Victims of excessive police force at one of the most violent flashpoints of the Occupy protests have received a $1m compensation settlement.
The US district court in San Francisco made the award to a group of 12 protesters who complained of brutality during in confrontations with police in Oakland, California, in 2011.
The payouts come in the wake of criticism from independent experts who said the police department was under-resourced and ill-prepared to deal with the protests.
The lawsuits detailed how police reacted to the protesters when they tried to reclaim a camp which had been cleared earlier that day. Suzi Spangenberg and Sukay Sow said they were injured by flashbang grenades thrown by officers. Spangenberg, a 52-year-old seminarian was awarded $500,000 in compensation, while Sow, who suffered chemical burns to her foot, received $210,000.
Spangenberg said: “I was in the middle of telling OPD I loved them when they threw explosives at me. The loud explosion caused permanent hearing loss and unrelenting ringing in my ears. As a result, I can only sleep 2 hours at a time which has had a serious impact on my life, including adversely impacting my graduate school studies, when I graduate, and when I will be ordained. It is my hope that there will never be cause for this type of lawsuit again, and the city can instead focus its resources on supporting the marginalized and those most in need of resources, which is what we were protesting for.”
He received $150,000. Other plaintiffs will receive between $20,000 and $75,000.
The protesters were represented by San Francisco attorney Rachel Lederman who said she was “pleased with the result”.
She added: “This is really a good decision by the city and the Police Department to take some responsibility for the fiasco of their ill-planned response to Occupy Oakland and to take responsibility by compensating some of the people who were the most seriously injured.”
Brooke Anderson, 33, was awarded $20,000. She recounted her ordeal saying: “I was there on October 25 to support the protest and we were there for several hours singing and chanting. It was a really peaceful protest. Towards the end of the evening the police officers moved towards us with metal barriers and I was knocked to the ground. I tried to get up and leave but I was held by police officers who twisted my arm behind my back in a very painful position. I was crying and screaming and my friends asked police to let go and several of them were hit and arrested.”
Supporters of the protesters created this video, which contains footage of Anderson’s arrest:
Anderson was held for about 15 hours in a cell with 40 other women and one toilet. “It was so crowded we had to take turns sitting down,” she said.
Rachel Lederman was the lead attorney for the plaintiffs. She said the purpose of the lawsuit was to stop the Oakland police department’s “dangerous and illegal repression of political protest and the city government’s tolerance of repeated, pervasive police misconduct.”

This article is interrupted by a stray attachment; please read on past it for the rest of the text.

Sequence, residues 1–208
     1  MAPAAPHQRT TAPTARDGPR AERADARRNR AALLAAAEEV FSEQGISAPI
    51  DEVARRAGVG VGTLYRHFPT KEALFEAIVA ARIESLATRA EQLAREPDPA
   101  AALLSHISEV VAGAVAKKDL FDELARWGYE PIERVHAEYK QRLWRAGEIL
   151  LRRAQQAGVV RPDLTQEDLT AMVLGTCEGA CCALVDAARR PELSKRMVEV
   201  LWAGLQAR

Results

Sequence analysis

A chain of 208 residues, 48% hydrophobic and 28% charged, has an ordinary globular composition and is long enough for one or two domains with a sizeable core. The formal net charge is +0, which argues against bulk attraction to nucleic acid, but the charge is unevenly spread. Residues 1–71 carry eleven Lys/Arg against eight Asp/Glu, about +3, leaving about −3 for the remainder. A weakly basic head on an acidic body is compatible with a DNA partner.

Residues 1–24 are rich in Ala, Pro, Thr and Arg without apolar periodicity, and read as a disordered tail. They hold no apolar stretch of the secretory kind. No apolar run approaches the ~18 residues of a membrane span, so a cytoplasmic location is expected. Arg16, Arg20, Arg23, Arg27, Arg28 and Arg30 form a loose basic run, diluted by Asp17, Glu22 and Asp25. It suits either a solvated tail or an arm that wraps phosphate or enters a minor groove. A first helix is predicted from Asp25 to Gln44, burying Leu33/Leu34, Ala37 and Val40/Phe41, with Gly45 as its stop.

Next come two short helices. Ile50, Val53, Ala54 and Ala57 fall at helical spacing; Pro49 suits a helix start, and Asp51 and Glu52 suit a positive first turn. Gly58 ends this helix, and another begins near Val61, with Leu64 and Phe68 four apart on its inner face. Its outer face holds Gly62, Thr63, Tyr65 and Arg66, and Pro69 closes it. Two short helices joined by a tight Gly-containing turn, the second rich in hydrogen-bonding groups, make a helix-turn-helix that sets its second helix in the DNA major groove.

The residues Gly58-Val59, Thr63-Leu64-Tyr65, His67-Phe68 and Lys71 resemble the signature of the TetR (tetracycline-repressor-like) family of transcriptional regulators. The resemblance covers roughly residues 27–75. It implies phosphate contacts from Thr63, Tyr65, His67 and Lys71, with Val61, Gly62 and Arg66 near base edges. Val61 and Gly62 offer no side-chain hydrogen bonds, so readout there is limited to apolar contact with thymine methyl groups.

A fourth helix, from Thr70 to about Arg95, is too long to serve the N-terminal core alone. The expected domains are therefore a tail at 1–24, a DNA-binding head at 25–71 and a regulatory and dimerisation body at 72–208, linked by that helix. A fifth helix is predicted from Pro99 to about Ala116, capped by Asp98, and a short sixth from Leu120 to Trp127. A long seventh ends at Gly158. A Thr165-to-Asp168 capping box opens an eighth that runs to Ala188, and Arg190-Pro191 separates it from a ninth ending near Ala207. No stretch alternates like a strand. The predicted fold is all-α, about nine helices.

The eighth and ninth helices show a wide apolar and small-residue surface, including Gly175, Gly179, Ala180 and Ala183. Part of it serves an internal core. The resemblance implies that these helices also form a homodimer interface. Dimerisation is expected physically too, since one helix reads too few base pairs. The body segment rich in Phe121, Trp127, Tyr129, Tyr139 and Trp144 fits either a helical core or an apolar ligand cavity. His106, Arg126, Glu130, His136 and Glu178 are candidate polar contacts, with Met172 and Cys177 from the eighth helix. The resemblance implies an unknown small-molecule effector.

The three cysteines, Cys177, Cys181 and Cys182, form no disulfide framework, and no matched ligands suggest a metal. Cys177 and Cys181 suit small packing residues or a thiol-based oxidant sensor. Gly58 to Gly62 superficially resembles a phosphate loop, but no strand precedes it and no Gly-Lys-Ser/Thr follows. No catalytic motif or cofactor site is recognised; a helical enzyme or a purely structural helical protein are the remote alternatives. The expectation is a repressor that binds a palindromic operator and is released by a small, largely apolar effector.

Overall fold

“The same officers shot longshoremen and protesters with so-called less lethal munitions during a peaceful antiwar picket at the Port of Oakland in 2003,” she said.
“At that time, the city and police also agreed to stop those practices and adopt a model policy for constitutional policing of demonstrations, but OPD chose to scrap all that and repeat the same mistakes as soon as they were faced with large protests.”
Anderson said her brief experience of incarceration prompted her to donate part of her $20,000 payout to a charity that promotes prisoners’ rights. She added: “I felt strongly the Occupy movement was a movement of the 99% who saw their families lose their jobs, their homes, healthcare and rights. You shouldn’t get attacked and jailed for exercising your democratic right to protest. I have been back at the protests and I will continue to speak out but we fear these police actions are intended to deter us from exercising our right to protest.”
Oakland police has come in for severe criticism in recent years. Former Baltimore police commissioner Thomas Frazier completed a report on their handling of the Occupy protests that painted a picture of an under-resourced department in disarray.
He was later appointed by a judge as a consultant to push through police reforms after it was revealed officers had framed and beaten drug suspects in one of the city’s most impoverished neighbourhoods. After several years the court-mandated reforms had not been carried out so Frazier was given the task of overhauling the department.
“These settlements are an important victory for democracy,” said Bobbie Stein, one of the plaintiffs’ attorneys. “We are hopeful that with these settlements, and the reform process under the watch of the new compliance director, we will achieve a culture shift in the Oakland Police Department and end the brutalization and wrongful arrests of activists and people of color in Oakland. While we remain optimistic, we are mindful of the 10-year history of broken promises, and we will be watching carefully and ready to take further action if necessary.”
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